The Data: West Virginia has been a consistent winner in the Big East over the past 10 years (83–83 in league play including a 1–15 mark in ’02), but where the Mountaineers have made their mark is in the NCAA Tournament. WVU has earned five NCAA invites (all in the last six seasons) with four trips to the Sweet 16 or beyond. In ’05, under John Beilein, the Mountaineers lost to Louisville in the Regional Finals, and last season, with WVU alum Bob Huggins in charge, they broke through with a trip to the Final Four.
Reasonable Expectations: West Virginia has enjoyed pockets of big-time success in basketball over the years, but the school was not expected to be a major player when it joined the Big East for basketball in the mid-1990s. Any time the Mountaineers are competing with the likes of UConn, Syracuse, Louisville, Georgetown, etc., for supremacy in league play, it’s fair to say that the program is overachieving.
The Data: The Badgers won the national title in 1941 but proceeded to make the NCAA Tournament only one time over the next five-plus decades. But since the late 1990s, Wisconsin has been a fixture in the field, with 12 straight appearances dating back to 1999. The Badgers’ run of success in the Big Ten has been quite impressive: Their 116–50 mark is the best over the past 10 years (one win better than Michigan State), and they have won at least 10 league games eight times over that span.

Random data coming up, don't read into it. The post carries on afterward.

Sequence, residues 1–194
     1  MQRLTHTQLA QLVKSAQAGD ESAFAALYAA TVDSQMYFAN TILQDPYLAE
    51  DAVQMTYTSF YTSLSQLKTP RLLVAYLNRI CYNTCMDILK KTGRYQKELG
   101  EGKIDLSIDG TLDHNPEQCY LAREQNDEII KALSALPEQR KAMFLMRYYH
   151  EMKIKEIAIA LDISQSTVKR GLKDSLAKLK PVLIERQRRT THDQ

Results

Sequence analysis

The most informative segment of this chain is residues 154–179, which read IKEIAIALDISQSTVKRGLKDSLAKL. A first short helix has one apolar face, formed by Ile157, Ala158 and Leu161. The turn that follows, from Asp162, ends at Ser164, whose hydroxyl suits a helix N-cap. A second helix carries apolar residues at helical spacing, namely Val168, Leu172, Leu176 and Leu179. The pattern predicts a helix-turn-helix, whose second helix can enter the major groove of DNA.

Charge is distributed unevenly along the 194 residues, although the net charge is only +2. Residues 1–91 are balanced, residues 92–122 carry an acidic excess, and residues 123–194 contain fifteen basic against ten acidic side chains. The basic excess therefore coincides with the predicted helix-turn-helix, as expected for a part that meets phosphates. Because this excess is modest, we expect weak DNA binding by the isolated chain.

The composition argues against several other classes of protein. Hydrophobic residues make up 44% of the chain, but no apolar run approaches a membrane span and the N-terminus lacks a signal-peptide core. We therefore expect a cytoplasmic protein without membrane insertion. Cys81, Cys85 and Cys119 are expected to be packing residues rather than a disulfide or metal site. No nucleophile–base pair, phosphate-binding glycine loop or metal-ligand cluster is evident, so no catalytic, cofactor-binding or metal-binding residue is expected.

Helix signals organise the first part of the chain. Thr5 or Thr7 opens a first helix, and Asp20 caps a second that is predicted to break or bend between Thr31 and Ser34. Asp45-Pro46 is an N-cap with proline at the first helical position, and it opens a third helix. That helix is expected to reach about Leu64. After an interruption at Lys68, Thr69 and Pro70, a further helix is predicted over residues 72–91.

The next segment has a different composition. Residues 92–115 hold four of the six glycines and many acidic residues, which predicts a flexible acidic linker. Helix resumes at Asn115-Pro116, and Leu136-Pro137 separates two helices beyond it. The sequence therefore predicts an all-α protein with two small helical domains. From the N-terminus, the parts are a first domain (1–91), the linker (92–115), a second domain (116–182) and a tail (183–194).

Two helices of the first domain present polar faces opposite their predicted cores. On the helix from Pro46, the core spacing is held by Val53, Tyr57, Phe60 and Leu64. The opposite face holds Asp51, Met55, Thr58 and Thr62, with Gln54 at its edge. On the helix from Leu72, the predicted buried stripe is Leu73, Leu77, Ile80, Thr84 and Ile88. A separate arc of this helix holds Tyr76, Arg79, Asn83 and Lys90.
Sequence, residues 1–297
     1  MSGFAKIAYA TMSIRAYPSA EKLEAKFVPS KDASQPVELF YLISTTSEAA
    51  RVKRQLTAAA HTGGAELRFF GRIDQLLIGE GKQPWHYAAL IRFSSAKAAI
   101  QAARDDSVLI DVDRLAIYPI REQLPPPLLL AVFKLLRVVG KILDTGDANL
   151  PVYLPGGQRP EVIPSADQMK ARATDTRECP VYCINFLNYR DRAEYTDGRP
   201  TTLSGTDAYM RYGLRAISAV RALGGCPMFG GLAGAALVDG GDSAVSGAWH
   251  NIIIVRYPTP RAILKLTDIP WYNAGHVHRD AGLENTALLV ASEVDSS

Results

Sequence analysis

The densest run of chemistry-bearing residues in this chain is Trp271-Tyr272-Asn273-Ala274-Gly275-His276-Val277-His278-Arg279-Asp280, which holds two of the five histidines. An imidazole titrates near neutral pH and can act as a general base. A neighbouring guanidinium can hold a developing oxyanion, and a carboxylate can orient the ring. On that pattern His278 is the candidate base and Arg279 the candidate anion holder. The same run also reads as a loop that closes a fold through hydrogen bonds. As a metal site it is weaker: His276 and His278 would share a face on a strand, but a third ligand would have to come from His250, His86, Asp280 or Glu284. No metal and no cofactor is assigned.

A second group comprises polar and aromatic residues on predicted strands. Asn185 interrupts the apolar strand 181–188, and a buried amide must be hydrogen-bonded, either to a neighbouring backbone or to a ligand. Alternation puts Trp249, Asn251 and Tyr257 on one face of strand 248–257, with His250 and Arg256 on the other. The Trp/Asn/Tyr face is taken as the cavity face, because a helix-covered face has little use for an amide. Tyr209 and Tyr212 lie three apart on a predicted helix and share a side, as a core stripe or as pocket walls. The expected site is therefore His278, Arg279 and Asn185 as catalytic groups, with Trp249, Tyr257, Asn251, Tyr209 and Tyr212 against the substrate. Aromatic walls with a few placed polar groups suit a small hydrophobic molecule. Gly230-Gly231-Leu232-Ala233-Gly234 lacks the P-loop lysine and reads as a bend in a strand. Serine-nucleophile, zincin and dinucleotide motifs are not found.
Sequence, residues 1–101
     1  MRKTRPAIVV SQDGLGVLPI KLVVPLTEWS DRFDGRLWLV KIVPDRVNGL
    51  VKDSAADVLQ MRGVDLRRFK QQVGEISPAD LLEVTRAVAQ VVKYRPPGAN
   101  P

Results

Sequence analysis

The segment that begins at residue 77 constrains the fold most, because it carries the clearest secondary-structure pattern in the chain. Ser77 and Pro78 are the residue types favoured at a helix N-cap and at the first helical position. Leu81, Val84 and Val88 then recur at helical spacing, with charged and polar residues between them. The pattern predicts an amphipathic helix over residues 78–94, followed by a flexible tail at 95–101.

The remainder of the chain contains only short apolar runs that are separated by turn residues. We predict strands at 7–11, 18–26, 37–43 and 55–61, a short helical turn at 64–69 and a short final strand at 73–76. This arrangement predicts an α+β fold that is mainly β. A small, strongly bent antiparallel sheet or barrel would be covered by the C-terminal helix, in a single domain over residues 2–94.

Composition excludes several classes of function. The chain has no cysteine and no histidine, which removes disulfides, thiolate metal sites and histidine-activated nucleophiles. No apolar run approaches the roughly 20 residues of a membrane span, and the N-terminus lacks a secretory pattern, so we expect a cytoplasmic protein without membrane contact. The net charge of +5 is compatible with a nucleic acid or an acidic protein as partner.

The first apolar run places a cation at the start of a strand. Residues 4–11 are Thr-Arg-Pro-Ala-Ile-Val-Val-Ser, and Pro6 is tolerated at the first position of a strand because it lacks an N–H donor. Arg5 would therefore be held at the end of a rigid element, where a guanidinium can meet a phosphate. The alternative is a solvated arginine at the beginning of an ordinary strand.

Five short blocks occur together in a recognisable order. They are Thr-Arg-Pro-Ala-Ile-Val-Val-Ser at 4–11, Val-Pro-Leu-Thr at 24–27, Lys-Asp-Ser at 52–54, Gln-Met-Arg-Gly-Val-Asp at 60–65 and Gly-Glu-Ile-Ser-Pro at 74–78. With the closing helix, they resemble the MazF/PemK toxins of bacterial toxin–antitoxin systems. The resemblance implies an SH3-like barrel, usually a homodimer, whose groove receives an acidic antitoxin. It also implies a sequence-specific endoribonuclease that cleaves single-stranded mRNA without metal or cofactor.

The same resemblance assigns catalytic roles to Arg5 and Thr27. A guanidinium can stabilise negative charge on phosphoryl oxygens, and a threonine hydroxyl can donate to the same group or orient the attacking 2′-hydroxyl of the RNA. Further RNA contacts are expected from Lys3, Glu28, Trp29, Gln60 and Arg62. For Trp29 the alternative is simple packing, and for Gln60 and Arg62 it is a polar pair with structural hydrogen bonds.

Reasonable Expectations: Wisconsin was arguably the biggest overachiever of the past 10 years, but the program has reached the point where we need to reassess the expectations. The Badgers have a tremendous home court advantage — they are 170–18 at the 12-year-old Kohl Center — and boast one of the game’s finest coaches in Bo Ryan. They might not recruit at an elite level — UW has signed one McDonald’s All-American (Brian Butch) since 1993 — but the program is hardly lacking in top-flight talent. As long as Ryan is in charge, Wisconsin should remain among the top programs in the Big Ten.
The Data: Xavier leads all non-Big 6 teams not named Gonzaga with nine NCAA Tournament appearances over the last 10 years. In seven of those seasons, the Musketeers have earned a single-digit seed, including two No. 3s (’03, ’08) and a No. 4 (’09). And unlike Gonzaga, they have enjoyed tremendous success in March, with four trips to the Sweet 16 and two trips to the Elite Eight. The X-Men have dominated the A-10 as well, with a staggering 122–38 (.763) record dating back to the ’01 season.